Merced County is developing a 2,000-acre auto tech center for Silicon Valley’s self-driving cars

Jul 31, 2017
by Jody Meacham
Silicon Valley Business Journal.

Merced County is in the process of developing a 2,000-acre site encompassing the former Castle Air Force Base, which it hopes will become the center for testing, development and manufacturing of automotive technology, including for many of the self-driving cars being developed in Silicon Valley.

Adam Wasserman, managing partner of Scottsdale, Arizona-based GLDPartners, which consults with international companies on optimizing their supply chains, said the project expects to announce its first tenant — likely linked to Silicon Valley’s R&D efforts on autonomous driving R&D — by early fall.

Google is already using a site adjacent to Merced County’s planned Mid-California AutoTech Testing, Development and Production Campus for its self-driving car testing. (photo courtesy of Google Inc).

Google is already using a 91-acre site for its own autonomous car testing program adjacent to the planned Mid-California AutoTech Testing, Development and Production Campus, county officials said.

At full build-out, the development plan calls for 8 million square feet of industrial space employing about 9,300 people.

“It just puts us on that technology map that everybody in Silicon Valley is enjoying,” said Daron McDaniel, chair of the county’s board of supervisors.

Merced County hired GLDPartners after several failed attempts to commercialize the Castle property, which it took ownership of in 2006 following the air base’s 1995 closure.

The county’s median family income was about $43,000 in 2016, about 80 percent of the national median, and about a quarter of its 262,000 residents live below the poverty line, according to census figures.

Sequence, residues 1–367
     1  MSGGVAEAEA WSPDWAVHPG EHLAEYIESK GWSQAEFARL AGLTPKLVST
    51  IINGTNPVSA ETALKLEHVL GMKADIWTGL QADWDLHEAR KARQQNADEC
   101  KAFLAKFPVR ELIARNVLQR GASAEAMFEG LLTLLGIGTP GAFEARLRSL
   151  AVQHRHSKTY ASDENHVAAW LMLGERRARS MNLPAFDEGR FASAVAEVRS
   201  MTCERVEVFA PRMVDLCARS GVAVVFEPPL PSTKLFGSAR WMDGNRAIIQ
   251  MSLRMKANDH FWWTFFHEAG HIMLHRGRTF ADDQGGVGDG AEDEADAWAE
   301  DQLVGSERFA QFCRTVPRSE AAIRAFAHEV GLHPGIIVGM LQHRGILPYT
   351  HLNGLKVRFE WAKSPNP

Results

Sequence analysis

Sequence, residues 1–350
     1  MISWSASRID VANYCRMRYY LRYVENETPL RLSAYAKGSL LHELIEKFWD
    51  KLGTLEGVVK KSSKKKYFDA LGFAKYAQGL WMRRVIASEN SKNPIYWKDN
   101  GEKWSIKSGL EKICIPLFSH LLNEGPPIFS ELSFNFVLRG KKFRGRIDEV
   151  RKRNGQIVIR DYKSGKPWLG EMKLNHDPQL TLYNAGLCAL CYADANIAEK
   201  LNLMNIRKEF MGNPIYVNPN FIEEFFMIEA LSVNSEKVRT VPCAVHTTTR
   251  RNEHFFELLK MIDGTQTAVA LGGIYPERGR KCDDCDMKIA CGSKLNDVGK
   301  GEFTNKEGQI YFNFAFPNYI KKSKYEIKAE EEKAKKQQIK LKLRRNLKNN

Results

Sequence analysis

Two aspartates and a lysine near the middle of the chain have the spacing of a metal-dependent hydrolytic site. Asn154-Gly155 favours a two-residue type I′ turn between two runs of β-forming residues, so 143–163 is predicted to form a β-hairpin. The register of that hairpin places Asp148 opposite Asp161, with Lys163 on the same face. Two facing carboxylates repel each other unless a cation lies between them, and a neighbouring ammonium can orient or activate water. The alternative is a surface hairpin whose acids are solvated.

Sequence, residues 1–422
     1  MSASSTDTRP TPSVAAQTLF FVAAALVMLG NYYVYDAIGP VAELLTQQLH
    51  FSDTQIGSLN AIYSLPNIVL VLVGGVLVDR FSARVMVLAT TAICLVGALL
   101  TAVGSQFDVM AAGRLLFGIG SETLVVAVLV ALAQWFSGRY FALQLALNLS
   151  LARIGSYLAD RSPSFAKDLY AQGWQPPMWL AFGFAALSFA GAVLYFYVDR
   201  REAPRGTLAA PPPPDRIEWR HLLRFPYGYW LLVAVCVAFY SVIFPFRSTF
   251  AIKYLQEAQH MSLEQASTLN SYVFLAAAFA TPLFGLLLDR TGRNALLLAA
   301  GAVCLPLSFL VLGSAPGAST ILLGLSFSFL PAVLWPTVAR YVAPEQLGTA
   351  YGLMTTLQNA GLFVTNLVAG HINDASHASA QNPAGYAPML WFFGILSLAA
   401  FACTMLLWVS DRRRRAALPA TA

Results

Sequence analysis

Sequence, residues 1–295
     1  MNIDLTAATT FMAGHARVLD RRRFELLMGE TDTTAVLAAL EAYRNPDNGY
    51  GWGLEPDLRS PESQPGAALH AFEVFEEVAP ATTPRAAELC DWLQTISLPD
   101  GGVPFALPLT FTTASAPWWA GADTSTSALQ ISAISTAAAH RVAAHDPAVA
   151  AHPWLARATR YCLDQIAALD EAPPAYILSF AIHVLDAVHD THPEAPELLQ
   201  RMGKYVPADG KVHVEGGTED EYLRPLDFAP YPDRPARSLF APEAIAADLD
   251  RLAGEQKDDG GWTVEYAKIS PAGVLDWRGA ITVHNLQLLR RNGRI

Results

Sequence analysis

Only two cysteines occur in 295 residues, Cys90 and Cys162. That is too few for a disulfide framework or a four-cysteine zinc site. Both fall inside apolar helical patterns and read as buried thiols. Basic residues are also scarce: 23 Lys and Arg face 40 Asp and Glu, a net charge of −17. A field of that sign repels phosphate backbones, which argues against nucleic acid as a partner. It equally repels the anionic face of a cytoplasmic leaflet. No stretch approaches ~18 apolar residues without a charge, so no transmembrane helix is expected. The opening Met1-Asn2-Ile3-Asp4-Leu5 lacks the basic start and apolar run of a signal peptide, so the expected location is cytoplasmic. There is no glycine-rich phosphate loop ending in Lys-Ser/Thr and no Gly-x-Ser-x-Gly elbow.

Before settling on auto technology, the company researched several other business sectors including food production, medical products, commercial space systems, industrial machines and specialty chemicals based on how they might fit in those sectors’ supply chains.

“The project takes advantage of the dire lack of testing facilities anywhere in the country, much less in California, where much of the research that is shaping the global auto industry is now taking place,” Wasserman wrote in an email.

The site works because of the concentration of international auto tech research in Silicon Valley, the proximity of Bay Area universities and 13-year-old UC Merced, which is forecast to double its enrollment to 14,000 students within three years and already has solar energy and drone facilities at Castle.

That is coupled with transportation infrastructure including an airfield capable of handling the largest cargo planes and two major railroads connected to ports in Stockton and Oakland so that the site can handle manufacturing as well as testing.

The county is securing $200 million to connect the site to State Route 99 by a road to be called the Atwater-Merced Expressway.

“We strongly believe — and it’s obviously been evidenced by Google and the work they do onsite with their autonomous vehicle program — we’re going to be incredibly competitive in the auto tech sector,” said Mark Hendrickson, the county’s economic development director.